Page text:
Q: Good morning, Doctor and God bless you much for always being there. I’m the lady that told you about my baby’s Mumps. She’s very fine now. Thank you so muchDoc I was wondering,..what should I teach her to call her Vagina? I don’t know if it’s proper and polite to use the real words as Vagina or Penis especially in public places. She’s my first child and I’m pregnant with my second child now.Please help me out. Thanks a lot.
A: Hey you. Thanks for writing in. I’m glad your daughter is better.Interesting question and I’m sure lots of parents will have lots of different views about what makes sense and what doesn’t.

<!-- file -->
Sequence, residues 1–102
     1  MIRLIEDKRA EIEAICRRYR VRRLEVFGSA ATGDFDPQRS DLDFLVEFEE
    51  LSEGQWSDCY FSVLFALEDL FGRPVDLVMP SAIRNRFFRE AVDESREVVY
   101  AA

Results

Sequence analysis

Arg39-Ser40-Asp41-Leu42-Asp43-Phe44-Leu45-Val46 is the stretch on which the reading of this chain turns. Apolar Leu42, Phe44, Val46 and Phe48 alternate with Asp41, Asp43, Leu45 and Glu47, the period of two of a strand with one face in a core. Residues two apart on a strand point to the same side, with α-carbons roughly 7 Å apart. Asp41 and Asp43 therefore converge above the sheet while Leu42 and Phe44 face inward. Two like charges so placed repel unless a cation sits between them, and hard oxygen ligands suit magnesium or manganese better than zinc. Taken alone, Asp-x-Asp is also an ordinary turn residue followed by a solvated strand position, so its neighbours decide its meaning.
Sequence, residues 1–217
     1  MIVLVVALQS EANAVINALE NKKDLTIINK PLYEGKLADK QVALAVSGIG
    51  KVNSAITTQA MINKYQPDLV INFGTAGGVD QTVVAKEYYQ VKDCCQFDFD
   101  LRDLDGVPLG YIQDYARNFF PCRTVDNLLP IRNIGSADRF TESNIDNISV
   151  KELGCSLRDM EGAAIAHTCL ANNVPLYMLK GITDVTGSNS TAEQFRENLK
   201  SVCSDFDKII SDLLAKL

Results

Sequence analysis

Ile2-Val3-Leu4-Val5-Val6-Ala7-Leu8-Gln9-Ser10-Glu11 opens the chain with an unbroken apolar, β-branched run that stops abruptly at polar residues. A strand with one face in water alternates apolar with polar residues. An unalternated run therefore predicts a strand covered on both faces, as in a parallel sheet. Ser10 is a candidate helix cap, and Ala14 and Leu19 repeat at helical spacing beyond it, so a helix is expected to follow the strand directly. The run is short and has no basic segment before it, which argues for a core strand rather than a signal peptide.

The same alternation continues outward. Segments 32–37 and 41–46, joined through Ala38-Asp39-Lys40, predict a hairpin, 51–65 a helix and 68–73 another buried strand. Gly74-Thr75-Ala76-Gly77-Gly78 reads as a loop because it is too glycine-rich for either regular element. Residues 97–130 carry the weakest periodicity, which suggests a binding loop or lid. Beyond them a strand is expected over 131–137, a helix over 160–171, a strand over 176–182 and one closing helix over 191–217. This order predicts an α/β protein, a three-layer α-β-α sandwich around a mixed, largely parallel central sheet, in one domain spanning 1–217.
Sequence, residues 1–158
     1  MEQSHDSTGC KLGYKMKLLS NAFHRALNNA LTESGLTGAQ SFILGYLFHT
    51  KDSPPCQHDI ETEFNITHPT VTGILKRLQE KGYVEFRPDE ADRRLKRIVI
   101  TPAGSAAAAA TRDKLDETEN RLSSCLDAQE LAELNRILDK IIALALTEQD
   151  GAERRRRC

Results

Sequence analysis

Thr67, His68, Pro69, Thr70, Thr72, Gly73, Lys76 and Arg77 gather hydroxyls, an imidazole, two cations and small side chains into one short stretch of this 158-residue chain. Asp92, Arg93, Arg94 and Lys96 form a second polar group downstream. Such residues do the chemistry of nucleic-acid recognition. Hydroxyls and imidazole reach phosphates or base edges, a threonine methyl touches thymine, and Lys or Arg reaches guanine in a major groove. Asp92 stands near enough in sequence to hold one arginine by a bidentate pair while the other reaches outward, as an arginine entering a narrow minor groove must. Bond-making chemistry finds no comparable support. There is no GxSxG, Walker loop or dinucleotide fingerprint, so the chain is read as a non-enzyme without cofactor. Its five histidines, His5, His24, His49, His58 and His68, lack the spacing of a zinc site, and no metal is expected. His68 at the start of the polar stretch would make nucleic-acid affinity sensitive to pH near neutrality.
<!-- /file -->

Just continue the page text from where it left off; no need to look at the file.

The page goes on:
Before I weigh in, I’ll tell you a story that I heard when in medical school. One of our professors was trying to explain why it was very important to ensure that in teaching couples about contraception, there should be no ambiguity. Say exactly what you mean and show it clearly with models or call precise names. So, the story was told of a medical doctor who was trying to explain to a couple how to use condoms. He didn’t have a model to use and show, had no pictures and probably figured that it didn’t make sense to ask the man to strip So, he told them to assume that his (the doctor’s) thumb was the patient’s penis. And he then proceeded to show the couple how to insert the condom over the thumb. It appeared communication had taken place. Everyone was happy, hands were shaken and everyone departed.A few months later, a visibly upset and confused couple returned to the clinic to see the same doctor. In summary, despite following the doctor’s advice and doing exactly what he’d told them, his wife still got pregnant. The worried looking doctor mentally tried to review what he’d told them while scanning through the pages of the couple’s folder. He asks the man how exactly he used the condom. The man thrusts out his thumb and tells the doctor that he put the condom on his thumb in exactly the same way the doctor did it during their hospital visit! The rest as they say is history!What am I saying? It is important to be very clear about what each body part is called and what can happen when inappropriate contact happens there. In these days where uncles, aunties and even parents have turned child molesters and pedophiles, it is important that children can adequately communicate what, if any inappropriate contact has taken place. It also helps the children to be comfortable in their skin and not feel that there is anything wrong with those parts of their bodies. They are private parts and should not be indiscriminately touched by anyone, even parents especially after a certain age, but they are also normal parts of the body.Teaching the right name helps make the children comfortable with their bodies. Be matter of fact and remember that this is just a prelude to the even more cringe-inducing conversation that you are going to have in a few years about sex education So start your practice with this and try not to look embarrassed.I know that the greatest fear is the embarrassment that one would feel if one’s child got up in public to scream ‘mum, my vagina hurts!’. I know. I would literally want to die too And why is that? It’s because we’ve literally made these words sound like bad words. They are not. They are names of body parts like nose, ankle etc. And if we all felt comfortable about it, there would probably be no shame.When I give health talks in some places and the conversation veers towards reproductive organs, grown men and women start giggling. I find it really fascinating! Really? What’s so cute about the names? Nothing! They are just not used to hearing it and this is most likely a hang-up from early childhood.Finally, if you don’t teach your child the right name, she will probably learn it from the internet as soon as she’s able to use a computer. And from then, all the other information you pass on may also become suspect That’s my take. What’s yours?Have a good night, y’all